The Bargi DAM
The Narmada is the largest river in Madhya Pradesh, India, flowing towards the west and falling in the Arabian sea. Its total length is 1312 Kms. of which it covers 1072 Kms. in M.P. The Bargi dam is one of the first supposedly completed dams among the chain of 30 major dams to be constructed on river Narmada. The proposal of this dam construction was conceptualised by the Central Water and Power Commission in 1968 envisaging irrigation in 2.98 lakh ha. and hydro-power generation capacity of 105 MW. (Source: DPR, Govt of M.P. 1968). Later the Bargi diversion scheme was planned, increasing the total irrigation potential to 4.37 lakh ha. The total cost estimates initially conceived were Rs. 64 crores which since then escalated to 566.31 crores in 1989, excluding the cost of canal construction which is estimated to be about 1660.80 Cr. ( Left bank canal Rs. 565.6 Cr. and Right bank canal Rs. 995.2 Cr). (Ref. Samagra Narmada Ghati Vikas, prepared by NVDA, 1997).
The dam construction work started in 1974 and was completed in 1990 when the gates were closed and the dam was filled to its complete capacity. The height of the dam is 69 mts. and length 5.4 kms. A lake of about 75 kms in length and 4.5 kms width, spreading over 26797 ha. in Jabalpur, Mandla and Seoni districts is formed when the water is impounded upto the dam FRL of 422.76m. 162 villages in districts Mandla, Seoni and Jabalpur were affected, submerging about 82 villages completely. Of the 26797 ha of land submerged, 14750 ha. was ownership land, 8478 ha. forest land and 3569 ha. other government land. Among the 7000 families displaced, 43% were tribals, 12% harijans, 38% OBCs and 7% others. (Source: Plan For Roof, Report by Mr. K.C. Dubey, Commissioner, Jabalpur Division , Jabalpur, 28th February 1987).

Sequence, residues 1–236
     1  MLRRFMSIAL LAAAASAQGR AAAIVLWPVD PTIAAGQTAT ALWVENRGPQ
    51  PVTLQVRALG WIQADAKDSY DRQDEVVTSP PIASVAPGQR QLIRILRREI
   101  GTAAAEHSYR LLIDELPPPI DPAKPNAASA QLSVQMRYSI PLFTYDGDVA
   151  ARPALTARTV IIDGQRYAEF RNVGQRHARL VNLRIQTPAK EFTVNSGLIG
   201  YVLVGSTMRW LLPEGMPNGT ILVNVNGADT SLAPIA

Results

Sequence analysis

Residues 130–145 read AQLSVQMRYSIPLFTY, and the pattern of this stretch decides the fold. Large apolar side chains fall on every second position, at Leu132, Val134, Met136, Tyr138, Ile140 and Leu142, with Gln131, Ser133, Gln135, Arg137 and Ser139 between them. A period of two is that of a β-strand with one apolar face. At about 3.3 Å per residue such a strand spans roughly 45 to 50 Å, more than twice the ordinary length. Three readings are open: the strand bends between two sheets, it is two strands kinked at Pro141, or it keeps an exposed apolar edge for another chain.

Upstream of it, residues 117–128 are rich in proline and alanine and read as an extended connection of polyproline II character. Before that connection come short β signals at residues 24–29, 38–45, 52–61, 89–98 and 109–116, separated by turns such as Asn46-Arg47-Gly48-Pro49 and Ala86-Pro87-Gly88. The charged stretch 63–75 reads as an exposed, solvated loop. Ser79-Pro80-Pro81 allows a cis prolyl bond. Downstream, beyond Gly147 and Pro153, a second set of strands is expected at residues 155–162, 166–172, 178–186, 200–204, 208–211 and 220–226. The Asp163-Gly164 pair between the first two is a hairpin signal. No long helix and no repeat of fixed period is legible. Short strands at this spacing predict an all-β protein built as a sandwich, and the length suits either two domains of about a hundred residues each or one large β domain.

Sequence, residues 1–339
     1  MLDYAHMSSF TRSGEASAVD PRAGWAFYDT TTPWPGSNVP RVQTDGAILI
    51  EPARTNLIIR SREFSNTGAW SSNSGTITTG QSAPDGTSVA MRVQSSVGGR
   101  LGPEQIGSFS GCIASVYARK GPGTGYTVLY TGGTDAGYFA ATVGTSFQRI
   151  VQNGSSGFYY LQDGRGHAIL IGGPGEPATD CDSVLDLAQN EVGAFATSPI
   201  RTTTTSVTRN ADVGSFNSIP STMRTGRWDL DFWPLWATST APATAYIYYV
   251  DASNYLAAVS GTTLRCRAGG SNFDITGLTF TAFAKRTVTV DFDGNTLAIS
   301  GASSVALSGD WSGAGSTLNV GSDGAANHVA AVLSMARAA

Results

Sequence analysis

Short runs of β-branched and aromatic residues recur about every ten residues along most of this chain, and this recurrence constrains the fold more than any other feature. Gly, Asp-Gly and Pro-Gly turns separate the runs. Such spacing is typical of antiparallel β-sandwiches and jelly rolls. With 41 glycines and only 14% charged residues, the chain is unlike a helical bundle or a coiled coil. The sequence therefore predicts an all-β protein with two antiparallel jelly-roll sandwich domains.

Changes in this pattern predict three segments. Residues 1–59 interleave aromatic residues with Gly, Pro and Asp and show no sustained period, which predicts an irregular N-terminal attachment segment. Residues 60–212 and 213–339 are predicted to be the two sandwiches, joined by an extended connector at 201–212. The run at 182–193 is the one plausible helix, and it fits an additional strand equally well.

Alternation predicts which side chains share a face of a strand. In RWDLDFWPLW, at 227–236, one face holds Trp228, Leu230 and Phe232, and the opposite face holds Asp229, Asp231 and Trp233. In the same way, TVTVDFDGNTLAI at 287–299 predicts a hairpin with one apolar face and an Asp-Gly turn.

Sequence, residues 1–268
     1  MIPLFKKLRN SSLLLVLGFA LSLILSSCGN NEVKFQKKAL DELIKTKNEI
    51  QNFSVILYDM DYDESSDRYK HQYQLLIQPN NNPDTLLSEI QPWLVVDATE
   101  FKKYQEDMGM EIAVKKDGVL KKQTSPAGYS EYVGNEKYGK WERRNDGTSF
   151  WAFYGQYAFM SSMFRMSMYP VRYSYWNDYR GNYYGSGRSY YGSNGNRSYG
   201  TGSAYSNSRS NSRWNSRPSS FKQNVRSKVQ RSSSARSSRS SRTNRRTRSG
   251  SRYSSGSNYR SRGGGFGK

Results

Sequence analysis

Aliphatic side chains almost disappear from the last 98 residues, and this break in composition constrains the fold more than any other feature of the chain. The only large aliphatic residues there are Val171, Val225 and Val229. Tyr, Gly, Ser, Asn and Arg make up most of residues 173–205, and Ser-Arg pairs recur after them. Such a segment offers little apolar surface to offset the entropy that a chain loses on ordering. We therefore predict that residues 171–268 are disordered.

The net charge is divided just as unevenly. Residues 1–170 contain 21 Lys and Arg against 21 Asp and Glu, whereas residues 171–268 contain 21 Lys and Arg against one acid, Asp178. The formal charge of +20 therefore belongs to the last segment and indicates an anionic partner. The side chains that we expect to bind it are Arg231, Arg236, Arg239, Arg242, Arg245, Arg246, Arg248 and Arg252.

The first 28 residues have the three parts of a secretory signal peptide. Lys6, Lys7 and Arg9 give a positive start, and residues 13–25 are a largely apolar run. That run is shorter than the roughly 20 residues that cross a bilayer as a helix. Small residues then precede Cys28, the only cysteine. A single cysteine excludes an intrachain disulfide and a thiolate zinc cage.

The Narmada valley is known for its fertile land, nature’s bounty, abundant crops, rich socio-cultural life. The submergence area of the Bargi dam once had prosperous farmers, tilling the fertile lands of the Narmada Kacchar, producing abundant food-grains of all varieties without any sort of irrigation or chemical fertilisers. Vegetables and seasonal fruits were also available in plenty. Livestock was healthy and sufficient. There was no dearth of milk and milk products. The region was prosperous and people enjoyed good mutual co-operation in times of marriages and deaths, festivals and all other occasions. Labourers working in the fields of prosperous farmers also lived a life of peace and happiness. Farmers used to make their own agricultural implements and built houses taking their necessities from the nistar forests around their villages.